A kind of heresy: Assessment of student learning in philosophy
What do we really teach students in philosphy? There are lots of theories by lots of philosophers that our students study, of course, but odd as it may seem, that may not be the most important part of what we do. Instead, the department has for some time also given serious thought to the particular skills, attitudes and dispositions that our students develop via the study of philosophy. While our students will soon forget the particulars of the ideas of Aristotle, Kant or Heidegger, the skills, attitudes, and dispositions they develop through the study of philosophy could have a formative influence on their persons. But while it is a relatively straightforward matter to ascertain whether or not students get the ideas right, it is a more challenging task to find out whether or not they are developing the skills and dispositions that we hope will shape them for life. At this Friday Forum, Prof. Charles Wright (Philosophy) will present the most recent developments in the Philosophy Department’s ongoing efforts to learn whether or not our students are developing the skills and dispositions that matter to us as instructors.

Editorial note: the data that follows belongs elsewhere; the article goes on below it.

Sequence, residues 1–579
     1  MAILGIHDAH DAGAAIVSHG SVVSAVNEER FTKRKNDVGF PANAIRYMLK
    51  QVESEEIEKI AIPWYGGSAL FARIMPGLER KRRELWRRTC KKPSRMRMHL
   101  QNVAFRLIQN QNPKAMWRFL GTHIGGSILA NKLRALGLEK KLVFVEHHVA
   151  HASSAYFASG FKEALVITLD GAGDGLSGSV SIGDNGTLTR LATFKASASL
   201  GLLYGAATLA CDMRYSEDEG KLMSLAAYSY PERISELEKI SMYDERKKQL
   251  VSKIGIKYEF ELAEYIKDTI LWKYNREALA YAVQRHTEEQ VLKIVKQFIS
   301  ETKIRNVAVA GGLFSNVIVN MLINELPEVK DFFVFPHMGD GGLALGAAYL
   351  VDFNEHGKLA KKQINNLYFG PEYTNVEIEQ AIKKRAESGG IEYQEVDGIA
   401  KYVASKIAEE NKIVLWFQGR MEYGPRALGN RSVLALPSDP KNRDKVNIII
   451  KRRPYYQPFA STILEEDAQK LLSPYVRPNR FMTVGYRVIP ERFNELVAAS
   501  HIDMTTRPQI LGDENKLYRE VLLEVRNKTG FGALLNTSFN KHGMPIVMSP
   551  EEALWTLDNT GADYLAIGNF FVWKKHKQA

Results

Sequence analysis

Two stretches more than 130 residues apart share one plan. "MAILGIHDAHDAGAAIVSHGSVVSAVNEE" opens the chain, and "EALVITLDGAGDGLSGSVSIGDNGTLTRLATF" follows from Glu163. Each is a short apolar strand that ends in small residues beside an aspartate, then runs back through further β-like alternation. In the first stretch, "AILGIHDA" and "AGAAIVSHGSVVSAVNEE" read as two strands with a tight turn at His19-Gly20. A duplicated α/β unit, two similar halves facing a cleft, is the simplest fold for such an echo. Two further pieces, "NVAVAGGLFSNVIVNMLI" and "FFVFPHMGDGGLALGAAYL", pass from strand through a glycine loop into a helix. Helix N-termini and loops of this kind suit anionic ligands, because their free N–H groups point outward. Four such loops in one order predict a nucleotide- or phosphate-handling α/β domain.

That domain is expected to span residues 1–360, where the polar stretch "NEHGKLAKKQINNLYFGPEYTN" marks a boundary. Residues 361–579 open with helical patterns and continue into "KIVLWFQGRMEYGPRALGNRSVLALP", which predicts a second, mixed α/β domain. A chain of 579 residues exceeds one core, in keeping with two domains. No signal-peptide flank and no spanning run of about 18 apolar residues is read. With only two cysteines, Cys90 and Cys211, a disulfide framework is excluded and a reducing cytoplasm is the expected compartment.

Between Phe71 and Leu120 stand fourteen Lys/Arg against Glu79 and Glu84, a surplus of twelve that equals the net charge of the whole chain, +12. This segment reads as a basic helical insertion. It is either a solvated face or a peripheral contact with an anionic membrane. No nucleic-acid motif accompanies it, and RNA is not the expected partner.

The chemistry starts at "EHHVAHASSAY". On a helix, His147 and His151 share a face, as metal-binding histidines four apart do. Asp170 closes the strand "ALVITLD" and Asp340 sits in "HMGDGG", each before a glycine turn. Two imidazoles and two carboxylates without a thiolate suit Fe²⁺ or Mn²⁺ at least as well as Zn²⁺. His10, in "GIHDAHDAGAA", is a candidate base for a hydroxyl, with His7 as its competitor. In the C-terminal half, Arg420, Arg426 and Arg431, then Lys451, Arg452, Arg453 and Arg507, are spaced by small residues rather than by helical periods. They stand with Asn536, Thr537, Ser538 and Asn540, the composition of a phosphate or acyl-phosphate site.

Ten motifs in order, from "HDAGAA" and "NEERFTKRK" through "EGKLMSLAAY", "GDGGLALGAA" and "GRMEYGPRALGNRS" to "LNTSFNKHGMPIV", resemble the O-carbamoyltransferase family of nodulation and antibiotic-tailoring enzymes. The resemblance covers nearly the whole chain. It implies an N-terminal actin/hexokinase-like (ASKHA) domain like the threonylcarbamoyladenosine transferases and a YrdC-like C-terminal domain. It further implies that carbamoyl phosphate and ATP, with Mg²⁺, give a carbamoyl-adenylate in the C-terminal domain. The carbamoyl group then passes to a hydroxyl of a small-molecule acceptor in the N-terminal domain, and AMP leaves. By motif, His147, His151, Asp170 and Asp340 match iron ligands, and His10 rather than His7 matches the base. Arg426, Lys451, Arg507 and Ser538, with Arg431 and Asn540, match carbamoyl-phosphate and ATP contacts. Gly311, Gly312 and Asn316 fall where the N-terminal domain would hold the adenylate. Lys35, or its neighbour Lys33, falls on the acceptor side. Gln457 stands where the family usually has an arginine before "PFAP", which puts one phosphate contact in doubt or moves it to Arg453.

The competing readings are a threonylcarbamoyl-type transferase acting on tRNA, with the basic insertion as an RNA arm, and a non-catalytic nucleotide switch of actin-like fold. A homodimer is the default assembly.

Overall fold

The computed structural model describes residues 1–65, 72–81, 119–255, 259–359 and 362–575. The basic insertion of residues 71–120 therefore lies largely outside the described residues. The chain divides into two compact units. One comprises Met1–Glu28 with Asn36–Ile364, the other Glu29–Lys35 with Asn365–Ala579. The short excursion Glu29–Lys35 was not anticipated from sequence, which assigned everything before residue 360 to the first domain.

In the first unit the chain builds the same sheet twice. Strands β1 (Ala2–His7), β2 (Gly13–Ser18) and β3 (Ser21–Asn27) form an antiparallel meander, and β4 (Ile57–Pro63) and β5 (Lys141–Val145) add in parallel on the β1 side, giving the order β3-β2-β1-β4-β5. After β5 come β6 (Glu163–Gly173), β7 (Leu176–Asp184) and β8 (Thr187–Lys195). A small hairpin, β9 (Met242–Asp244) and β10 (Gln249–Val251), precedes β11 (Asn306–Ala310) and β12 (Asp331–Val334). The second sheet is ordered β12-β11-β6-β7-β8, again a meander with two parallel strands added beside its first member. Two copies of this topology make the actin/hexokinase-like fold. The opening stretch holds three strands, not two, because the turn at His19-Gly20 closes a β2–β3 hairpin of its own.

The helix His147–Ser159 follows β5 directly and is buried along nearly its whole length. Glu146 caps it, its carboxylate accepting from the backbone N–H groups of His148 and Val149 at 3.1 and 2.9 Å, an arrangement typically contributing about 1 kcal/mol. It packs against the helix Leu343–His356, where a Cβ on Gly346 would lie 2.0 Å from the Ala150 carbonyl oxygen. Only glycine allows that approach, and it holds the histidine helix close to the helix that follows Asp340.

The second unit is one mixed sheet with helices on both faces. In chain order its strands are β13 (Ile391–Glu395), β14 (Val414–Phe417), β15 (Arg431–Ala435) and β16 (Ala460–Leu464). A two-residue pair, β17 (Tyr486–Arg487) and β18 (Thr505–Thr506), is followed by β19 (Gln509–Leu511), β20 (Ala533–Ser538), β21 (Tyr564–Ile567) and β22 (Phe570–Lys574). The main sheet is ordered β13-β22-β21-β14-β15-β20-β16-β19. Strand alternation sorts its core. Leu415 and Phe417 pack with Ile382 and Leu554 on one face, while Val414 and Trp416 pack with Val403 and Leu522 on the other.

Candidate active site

Wright, Charles W., "A kind of heresy: Assessment of student learning in philosophy" (2009). Forum Lectures. 212.
The slides for this presentation are not available.